Stephen Colbert wants to impregnate you. And not just you: The host/main character of Comedy Central's Colbert Report says he has way too many opinions to fit onto a half-hour nightly show, "and right now, all that opinion is going to waste, like seed on barren ground.

"Well no more," Colbert continues in the introduction to his new book, I Am America (and So Can You!) . "It's time to impregnate America with my mind."

That bit of absurd braggadoccio, for those who are unfamiliar with the O'Reilly-ish blowhard persona Colbert (don't pronounce that T!) has perfected on his show, is a clue that what follows is satire aimed for—or rather at—the "social values" conservatives who keep the remote frozen on Fox News' hot-airheads and care more about teenagers having sex than about corporations screwing the rest of us. Colbert is the half-ironic, half-earnest figurehead of an army of devotees he calls Colbert Nation, and he made the Time 100 (and the personal heroes list of many) for his lacerating "tribute" to President Bush at last year's White House Correspondents' Dinner. I Am America is a gleeful reductio ad absurdum tour of Karl Rove's wedge issues, presented in the form of a high-school Social Studies textbook: Colbert provides the last word on religion ("Since the Bible is 100 percent the true Word of God, and the Jews believe in the Old Testament, that means Judaism is 50 percent right"); the media ("There are a few journalists who aren't sex offenders. Those people work for Fox News"); Iraq ("God won the War. He just doesn't occupy very well"); homosexuals ("If God were gay, he would have turned Adam's rib into Dermot Mulroney") and more—230 pages of more.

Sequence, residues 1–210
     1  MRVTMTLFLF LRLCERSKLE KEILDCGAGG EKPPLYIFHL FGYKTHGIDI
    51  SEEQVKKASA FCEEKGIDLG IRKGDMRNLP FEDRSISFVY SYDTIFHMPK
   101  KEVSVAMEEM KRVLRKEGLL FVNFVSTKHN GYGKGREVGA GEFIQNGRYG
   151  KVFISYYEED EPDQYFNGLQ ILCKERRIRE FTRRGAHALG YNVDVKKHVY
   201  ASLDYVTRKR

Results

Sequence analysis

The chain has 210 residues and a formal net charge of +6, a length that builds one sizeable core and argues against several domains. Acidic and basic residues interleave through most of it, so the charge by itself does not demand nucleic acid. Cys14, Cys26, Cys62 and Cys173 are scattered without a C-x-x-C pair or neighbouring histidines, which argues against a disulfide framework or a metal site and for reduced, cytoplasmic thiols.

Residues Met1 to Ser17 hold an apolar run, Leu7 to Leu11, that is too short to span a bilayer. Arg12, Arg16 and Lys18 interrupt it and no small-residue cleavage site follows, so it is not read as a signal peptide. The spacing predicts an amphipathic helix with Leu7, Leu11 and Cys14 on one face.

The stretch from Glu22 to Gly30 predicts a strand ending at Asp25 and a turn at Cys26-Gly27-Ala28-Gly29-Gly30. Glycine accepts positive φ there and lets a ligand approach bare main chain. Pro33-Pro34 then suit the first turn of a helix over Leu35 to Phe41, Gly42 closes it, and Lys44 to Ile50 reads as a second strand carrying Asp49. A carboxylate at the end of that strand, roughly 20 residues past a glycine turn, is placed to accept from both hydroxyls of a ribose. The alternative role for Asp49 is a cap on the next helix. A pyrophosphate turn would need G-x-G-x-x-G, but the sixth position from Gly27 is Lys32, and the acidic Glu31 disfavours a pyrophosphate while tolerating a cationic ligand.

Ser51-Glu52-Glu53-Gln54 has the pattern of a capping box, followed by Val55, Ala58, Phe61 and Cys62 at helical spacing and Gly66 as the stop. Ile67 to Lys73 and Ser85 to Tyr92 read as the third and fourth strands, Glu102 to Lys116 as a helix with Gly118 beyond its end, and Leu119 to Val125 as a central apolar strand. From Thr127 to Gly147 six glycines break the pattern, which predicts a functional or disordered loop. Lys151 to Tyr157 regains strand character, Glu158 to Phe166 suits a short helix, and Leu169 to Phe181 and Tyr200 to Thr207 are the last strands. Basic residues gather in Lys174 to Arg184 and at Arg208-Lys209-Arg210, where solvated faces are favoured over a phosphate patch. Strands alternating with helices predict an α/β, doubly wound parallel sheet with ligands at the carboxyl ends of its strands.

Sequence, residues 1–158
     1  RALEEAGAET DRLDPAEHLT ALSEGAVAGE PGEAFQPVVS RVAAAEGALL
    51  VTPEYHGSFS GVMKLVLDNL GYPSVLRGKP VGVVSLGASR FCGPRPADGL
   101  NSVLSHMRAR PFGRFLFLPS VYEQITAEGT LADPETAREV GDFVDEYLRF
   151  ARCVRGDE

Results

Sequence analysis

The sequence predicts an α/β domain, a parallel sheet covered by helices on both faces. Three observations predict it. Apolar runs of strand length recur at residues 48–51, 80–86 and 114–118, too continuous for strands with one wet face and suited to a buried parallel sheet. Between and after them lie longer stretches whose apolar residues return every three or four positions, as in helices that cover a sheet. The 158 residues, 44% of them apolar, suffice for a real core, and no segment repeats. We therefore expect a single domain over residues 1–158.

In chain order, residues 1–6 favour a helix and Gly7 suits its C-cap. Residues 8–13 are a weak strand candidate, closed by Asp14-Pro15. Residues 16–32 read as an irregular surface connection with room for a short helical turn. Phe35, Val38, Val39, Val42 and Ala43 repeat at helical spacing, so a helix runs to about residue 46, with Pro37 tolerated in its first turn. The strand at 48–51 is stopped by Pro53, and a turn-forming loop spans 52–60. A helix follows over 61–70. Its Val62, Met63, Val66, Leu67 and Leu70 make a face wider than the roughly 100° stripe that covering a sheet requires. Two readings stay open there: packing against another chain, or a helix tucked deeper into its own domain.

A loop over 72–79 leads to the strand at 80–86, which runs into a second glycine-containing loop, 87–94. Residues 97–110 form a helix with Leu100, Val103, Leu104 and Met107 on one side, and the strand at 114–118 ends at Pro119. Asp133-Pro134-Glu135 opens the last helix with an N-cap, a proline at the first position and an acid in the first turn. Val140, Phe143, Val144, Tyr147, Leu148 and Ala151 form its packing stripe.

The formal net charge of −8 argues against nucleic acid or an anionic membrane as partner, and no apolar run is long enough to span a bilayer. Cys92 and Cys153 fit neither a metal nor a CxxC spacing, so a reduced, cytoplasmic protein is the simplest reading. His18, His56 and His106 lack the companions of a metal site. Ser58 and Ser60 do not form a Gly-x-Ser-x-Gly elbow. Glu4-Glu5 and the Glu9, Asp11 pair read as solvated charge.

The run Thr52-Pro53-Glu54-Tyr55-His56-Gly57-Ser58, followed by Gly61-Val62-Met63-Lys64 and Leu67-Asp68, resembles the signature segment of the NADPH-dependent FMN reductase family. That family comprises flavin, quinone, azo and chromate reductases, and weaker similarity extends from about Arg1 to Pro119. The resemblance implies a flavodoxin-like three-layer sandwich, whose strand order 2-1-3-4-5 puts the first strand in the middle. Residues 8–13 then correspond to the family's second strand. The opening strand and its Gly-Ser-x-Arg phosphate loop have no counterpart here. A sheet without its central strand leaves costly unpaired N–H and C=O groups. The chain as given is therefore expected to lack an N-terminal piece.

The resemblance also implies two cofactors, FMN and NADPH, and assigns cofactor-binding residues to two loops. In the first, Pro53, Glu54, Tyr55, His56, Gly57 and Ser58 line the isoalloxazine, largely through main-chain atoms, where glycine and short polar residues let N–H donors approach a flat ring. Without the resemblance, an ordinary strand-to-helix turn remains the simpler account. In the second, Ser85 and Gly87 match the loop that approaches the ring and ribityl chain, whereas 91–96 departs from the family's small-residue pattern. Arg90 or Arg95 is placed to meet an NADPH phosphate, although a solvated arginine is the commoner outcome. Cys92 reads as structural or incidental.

Don't be surprised if this sounds familiar. Just as The Colbert Report is an offshoot of The Daily Show with Jon Stewart , Colbert's book is best read as a companion volume to Stewart&Co.'s 2004 bestseller America (The Book): A Guide to Democracy Inaction . Both use a didactic textbook form to skewer the ignorance and apathy of Americans—their readers excepted. And ironic smugness aside, the Colbert Nation may actually have the informational edge: Surveys have shown that nearly a quarter of adults under 30 say they get their political news from comedy shows, and the adults who score highest in current-events knowledge are regular viewers of The Daily Show and The Colbert Report . By all rights they should be a disappointment to Colbert, the man who gave us "truthiness" (gut-checking instead of fact-checking).

I Am America is a sharp snickersnee of ironic engagement, but like Stewart's book, it's funniest and most effective when read only a few pages at a time; in long stretches, it tends to put the "tire" in satire. And satire is best enjoyed in small bites—the better to savor the bitter aftertaste.

I Am America (And So Can You!)

. Grand Central Publishing, 230 pages, $26.99.